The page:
"[Proper content formatting] is the key to getting maximum flexibility and return on your investment in web content. From its earliest origins, HTML was designed to distinguish clearly between a document’s hierarchical outline structure (Headline 1, Headline 2, paragraph, list, and so on) and the visual presentation of the document (boldface, italics, font, type size, color, and so on). [HTML] is considered semantic [when standard formatting is used] to convey meaning and content structure, not simply to make text look a certain way in a browser." (Lynch and Horton)
When writing content, formatting should indicate the heirarchy of the information. Properly formatted paragraphs, headers, and lists contributes to the proper display of information, regardless of the display context. Properly formatted content will also more likely conform to accessibility guidelines (Racine).
Do not use formatting simply to achieve a look you want. The look of the content is defined by the website design and the website stylesheet. Your task is to convey information and meaning, not to make the content "look good".
For more information about how to build semantic content, read "Creating Semantic Structure" (WebAIM)
Headings & Subheadings
- Heading options are not style options. Headings convey information about the organization of content.
- Use headers to logically separate content on a page. Remember users scan rather than read text on a computer monitor, so the judicious use of headers helps people find information quickly. Use headers sequentially, to demonstrate importance. (Racine)
- Do not center headings. Centered text is more difficult for users to scan and read than left-justified text (Lynch and Horton)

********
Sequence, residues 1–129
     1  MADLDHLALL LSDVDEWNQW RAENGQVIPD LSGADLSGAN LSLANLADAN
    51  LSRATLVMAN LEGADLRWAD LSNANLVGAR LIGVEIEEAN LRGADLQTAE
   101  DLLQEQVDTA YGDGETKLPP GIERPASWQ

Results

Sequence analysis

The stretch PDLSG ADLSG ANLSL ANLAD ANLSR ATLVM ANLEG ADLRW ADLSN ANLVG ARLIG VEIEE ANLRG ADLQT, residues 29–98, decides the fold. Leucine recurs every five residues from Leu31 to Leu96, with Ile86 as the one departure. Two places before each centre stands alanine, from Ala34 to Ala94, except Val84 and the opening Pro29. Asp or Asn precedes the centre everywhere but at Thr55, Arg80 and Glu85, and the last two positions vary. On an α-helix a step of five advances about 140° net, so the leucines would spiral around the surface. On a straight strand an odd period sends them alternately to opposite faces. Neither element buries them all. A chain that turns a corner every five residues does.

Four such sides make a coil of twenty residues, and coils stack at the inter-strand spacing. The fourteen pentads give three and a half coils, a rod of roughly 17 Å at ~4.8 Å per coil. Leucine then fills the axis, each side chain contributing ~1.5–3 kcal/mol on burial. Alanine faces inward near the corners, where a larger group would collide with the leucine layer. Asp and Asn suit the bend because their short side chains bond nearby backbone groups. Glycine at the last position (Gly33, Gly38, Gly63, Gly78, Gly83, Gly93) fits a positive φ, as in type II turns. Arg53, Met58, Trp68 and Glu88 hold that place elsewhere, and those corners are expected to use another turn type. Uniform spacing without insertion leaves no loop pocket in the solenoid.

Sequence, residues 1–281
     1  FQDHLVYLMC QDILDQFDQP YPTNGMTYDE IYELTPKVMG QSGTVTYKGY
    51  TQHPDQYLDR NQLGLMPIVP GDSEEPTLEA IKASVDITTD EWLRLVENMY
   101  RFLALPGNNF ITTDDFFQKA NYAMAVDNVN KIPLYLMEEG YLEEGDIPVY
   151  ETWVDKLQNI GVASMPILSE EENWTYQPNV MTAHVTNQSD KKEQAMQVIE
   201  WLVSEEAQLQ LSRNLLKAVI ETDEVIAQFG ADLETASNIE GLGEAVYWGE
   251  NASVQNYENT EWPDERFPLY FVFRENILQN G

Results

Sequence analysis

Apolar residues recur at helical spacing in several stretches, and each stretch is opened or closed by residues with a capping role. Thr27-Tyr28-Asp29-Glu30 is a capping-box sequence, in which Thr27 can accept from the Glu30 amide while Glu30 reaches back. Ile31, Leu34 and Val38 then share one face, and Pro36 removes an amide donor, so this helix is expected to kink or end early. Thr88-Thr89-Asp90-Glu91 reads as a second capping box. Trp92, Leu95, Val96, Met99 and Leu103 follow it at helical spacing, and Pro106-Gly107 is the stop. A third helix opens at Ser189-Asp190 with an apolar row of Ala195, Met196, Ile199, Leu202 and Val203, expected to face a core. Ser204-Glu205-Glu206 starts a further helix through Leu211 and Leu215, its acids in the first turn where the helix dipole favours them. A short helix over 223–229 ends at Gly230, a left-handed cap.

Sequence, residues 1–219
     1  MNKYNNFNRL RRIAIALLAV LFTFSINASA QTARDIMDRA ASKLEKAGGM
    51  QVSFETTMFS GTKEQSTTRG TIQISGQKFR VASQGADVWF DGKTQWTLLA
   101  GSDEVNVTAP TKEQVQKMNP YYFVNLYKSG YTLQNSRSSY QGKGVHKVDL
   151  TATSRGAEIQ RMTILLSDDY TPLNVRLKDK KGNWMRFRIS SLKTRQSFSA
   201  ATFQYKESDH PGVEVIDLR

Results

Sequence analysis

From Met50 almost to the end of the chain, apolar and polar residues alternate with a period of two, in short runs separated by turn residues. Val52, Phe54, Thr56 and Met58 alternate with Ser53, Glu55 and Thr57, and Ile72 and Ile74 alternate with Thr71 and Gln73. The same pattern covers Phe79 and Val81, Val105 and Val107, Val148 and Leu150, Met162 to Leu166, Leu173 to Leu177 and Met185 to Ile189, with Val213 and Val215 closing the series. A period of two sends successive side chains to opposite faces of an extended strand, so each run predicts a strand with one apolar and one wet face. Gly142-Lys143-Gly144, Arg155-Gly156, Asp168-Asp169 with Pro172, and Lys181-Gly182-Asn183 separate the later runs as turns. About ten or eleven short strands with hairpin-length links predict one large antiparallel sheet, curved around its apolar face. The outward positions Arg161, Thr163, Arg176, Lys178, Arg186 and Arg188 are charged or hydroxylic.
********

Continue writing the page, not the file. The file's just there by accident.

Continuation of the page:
You can think of heading formats as representing levels in an outline. Outline levels flow from the top level to the second, then to the third, etc. The text styles assigned to headings will vary from website to website. You should respect the default styling: do not modify it. For example, if a heading is does not use bold text by default, don't make it bold.
Heading 1 (h1) is most often the page title.
Heading 2 (H2) is the title of a page section. It is the first heading style that should be used after the page title. H2 is literally "the second level heading".
Heading 3 (H3) is a subsection of a page section. This heading style should only be used as a child of Heading 2. H3 is literally "the third level heading".
And so on...
- Provide context to search engines and screen readers (From W3C)
- Make content easier to scan (Nielsen)
- From Yahoo! Style Guide
- "Lists can draw a reader’s attention, make text easier to scan and read, add white space to a page, shorten copy, relate items, and show a sequence or the level of importance."
- Do not center text. Centered text is more difficult to read than left-justified text (Lynch and Horton)
- Do not create empty spaces using line breaks or paragraphs. The space between paragraphs or items in a bulleted list is pre-defined by the website design.
- Use bold and italics sparingly. Too much bold or italic makes text harder, not easier, to read and differentiate. Bold should be used sparingly for emphasis. Use italics for convention—for example, when listing book or magazine titles—or within text for stressed or foreign words and phrases. (Lynch and Horton; Hampshire College Web Writing Style Guide)